Sharia Law


sharia, the religious law of Islam. As Islam makes no distinction between religion and life, Islamic law covers not only ritual but many aspects of life. The actual codification of canonic law is the result of the concurrent evolution of jurisprudence proper and the so-called science of the roots of jurisprudence (usul al-fiqh). A general agreement was reached, in the course of the formalization of Islam, as to the authority of four such roots: the Qur'an in its legislative segments; the example of the Prophet Muhammad as related in the hadith; the consensus of the Muslims (ijma), premised on a saying by Muhammad stipulating "My nation cannot agree on an error" ; and reasoning by analogy (qiyas). Another important principle is ijtihad, the extension of sharia to situations neither covered by precedent nor explicable by analogy to other laws. These roots provide the means for the establishment of prescriptive codes of action and for the evaluation of individual and social behavior. The basic scheme for all actions is a fivefold division into obligatory, meritorious, permissible, reprehensible, and forbidden.

Numerous schools of jurisprudence emerged in the course of Islamic history. Four coexist today within Sunni Islam, with one or more dominant in particular areas—Maliki (N and W Africa), Hanafi (Turkic Asia), Shafii (Egypt, E Africa, SE Asia), and Hanbali (Saudi Arabia; see Ibn Hanbal, Ahmad). While these schools of jurisprudence vary on certain rituals and practices, they are often perceived as complementary rather than mutually exclusive. Twelve-Imam Shiite jurisprudence is often referred to as Jafari. Islamic law is an important legal influence, to a greater or lesser degree, in nearly all nations with a Muslim majority population; the primary exception is Turkey, which has been a secular state since Atatürk.

See study by S. Kadri (2012).

The Columbia Encyclopedia, 6th ed. Copyright© 2014, The Columbia University Press.

Sharia Law: Selected full-text books and articles

Islamic Law and Legal System: Studies of Saudi Arabia
Frank E. Vogel.
Brill, 2000
Studies in Islamic Legal Theory
Bernard G. Weiss.
Brill, 2002
The Unfamiliar Abode: Islamic Law in the United States and Britain
Kathleen M. Moore.
Oxford University Press, 2010
Islamic Divorce in North America: A Shari'a Path in a Secular Society
Julie Macfarlane.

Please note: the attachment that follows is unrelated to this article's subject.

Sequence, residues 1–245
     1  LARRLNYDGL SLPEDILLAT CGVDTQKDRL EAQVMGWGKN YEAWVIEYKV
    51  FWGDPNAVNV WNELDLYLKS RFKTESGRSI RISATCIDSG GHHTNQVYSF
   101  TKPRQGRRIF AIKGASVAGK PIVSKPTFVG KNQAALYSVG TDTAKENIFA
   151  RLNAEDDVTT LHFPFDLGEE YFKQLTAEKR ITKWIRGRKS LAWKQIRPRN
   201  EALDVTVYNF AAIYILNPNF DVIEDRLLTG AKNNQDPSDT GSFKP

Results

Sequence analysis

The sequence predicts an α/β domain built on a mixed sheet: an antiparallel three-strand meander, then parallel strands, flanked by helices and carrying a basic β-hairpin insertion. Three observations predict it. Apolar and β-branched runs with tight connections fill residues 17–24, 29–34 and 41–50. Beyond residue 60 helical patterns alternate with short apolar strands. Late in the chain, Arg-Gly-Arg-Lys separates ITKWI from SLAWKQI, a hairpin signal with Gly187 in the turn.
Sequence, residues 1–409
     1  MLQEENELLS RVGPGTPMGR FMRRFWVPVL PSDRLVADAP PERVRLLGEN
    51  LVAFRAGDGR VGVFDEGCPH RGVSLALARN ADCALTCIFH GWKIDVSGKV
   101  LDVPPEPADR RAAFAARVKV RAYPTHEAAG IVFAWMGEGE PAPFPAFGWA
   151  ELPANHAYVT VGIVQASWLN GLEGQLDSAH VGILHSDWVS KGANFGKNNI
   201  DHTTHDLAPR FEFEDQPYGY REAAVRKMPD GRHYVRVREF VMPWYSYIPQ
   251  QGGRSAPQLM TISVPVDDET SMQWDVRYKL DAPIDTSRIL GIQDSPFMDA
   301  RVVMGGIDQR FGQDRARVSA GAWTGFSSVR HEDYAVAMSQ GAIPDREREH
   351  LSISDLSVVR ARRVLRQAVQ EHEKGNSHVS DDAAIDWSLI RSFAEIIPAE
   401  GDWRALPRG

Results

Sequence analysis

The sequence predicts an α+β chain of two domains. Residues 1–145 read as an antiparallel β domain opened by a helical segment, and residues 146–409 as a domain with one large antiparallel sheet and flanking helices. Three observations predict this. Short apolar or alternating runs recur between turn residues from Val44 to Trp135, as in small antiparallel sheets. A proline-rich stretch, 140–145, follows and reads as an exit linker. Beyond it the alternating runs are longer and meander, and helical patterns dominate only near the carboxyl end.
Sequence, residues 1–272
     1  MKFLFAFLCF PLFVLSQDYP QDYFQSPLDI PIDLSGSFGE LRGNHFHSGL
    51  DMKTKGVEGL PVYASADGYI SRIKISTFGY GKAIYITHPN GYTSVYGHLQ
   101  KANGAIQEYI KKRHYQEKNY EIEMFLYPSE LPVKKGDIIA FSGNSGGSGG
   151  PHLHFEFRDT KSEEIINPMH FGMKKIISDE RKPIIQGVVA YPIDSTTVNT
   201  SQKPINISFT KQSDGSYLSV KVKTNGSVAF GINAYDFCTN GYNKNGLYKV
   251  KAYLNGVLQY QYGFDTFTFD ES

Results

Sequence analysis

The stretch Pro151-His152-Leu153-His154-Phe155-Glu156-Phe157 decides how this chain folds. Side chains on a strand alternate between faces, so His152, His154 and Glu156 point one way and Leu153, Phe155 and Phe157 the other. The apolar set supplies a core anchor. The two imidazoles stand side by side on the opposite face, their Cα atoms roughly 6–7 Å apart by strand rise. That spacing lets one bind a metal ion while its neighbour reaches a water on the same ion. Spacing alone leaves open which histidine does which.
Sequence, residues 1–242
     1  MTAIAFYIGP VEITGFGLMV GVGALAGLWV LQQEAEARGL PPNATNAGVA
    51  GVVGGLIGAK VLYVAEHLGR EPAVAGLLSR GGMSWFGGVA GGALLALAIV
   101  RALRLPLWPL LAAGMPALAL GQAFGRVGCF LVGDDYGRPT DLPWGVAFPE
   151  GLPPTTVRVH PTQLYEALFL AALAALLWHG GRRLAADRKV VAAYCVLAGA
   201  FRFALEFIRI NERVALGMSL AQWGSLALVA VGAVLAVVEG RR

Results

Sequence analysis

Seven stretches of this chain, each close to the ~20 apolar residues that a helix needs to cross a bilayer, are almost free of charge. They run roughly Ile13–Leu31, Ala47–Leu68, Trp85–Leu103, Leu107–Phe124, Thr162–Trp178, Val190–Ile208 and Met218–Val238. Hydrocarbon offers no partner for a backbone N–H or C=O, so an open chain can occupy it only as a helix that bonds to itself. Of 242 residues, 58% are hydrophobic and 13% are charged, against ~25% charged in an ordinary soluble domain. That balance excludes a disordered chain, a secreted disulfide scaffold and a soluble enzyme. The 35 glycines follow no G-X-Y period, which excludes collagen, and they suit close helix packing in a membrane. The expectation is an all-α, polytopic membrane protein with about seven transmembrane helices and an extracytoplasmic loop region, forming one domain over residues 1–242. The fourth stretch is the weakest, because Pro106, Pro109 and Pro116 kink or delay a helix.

Oxford University Press, 2012
Muslim and American? Straddling Islamic Law and U.S. Justice
Mark E. Hanshaw.
LFB Scholarly, 2010
Shari'a and Politics in Modern Indonesia
Arskal Salim; Azyumardi Azra.
Institute of Southeast Asian Studies, 2003
Constitutional Provisions Making Sharia "A" or "The" Chief Source of Legislation: Where Did They Come from? What Do They Mean? Do They Matter?
Lombardi, Clark B.
American University International Law Review, Vol. 28, No. 3, May 30, 2013
Sharia Banking Is Growing Fast and the Mainstream Banks Are Starting to Offer Islamic Accounts. Its System of Shared Risks and Profits Could Offer a Model for the Financial Services of the Future
New Statesman (1996), Vol. 137, No. 4927, December 15, 2008
Shaping the Current Islamic Reformation
B. A.Roberson.
Frank Cass, 2003
Librarian’s tip: Chap. 5 "From Jurists' Law to Statute Law or What Happens When the Shari'a Is Codified"
Islamic Law and the Making and Remaking of the Iraqi Legal System
Stilt, Kristen A.
The George Washington International Law Review, Vol. 36, No. 4, January 1, 2004
The Search for Security in Muslim Northern Nigeria
Last, Murray.
Africa, Vol. 78, No. 1, Winter 2008
Faith-Based Diplomacy: Trumping Realpolitik
Douglas Johnston.
Oxford University Press, 2003
Librarian’s tip: Discussion of sharia law begins on p. 193
Islamic Law in Iran: Can It Protect the International Legal Right of Freedom of Religion and Belief?
Cohen, Jennifer F.
Chicago Journal of International Law, Vol. 9, No. 1, Summer 2008
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